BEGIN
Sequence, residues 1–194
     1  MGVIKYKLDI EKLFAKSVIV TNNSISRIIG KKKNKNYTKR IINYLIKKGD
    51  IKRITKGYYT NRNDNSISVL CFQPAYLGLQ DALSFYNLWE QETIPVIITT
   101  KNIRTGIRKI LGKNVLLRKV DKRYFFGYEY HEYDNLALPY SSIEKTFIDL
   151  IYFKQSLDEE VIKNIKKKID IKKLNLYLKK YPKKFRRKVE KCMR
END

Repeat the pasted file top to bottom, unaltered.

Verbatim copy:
Sequence, residues 1–194
     1  MGVIKYKLDI EKLFAKSVIV TNNSISRIIG KKKNKNYTKR IINYLIKKGD
    51  IKRITKGYYT NRNDNSISVL CFQPAYLGLQ DALSFYNLWE QETIPVIITT
   101  KNIRTGIRKI LGKNVLLRKV DKRYFFGYEY HEYDNLALPY SSIEKTFIDL
   151  IYFKQSLDEE VIKNIKKKID IKKLNLYLKK YPKKFRRKVE KCMR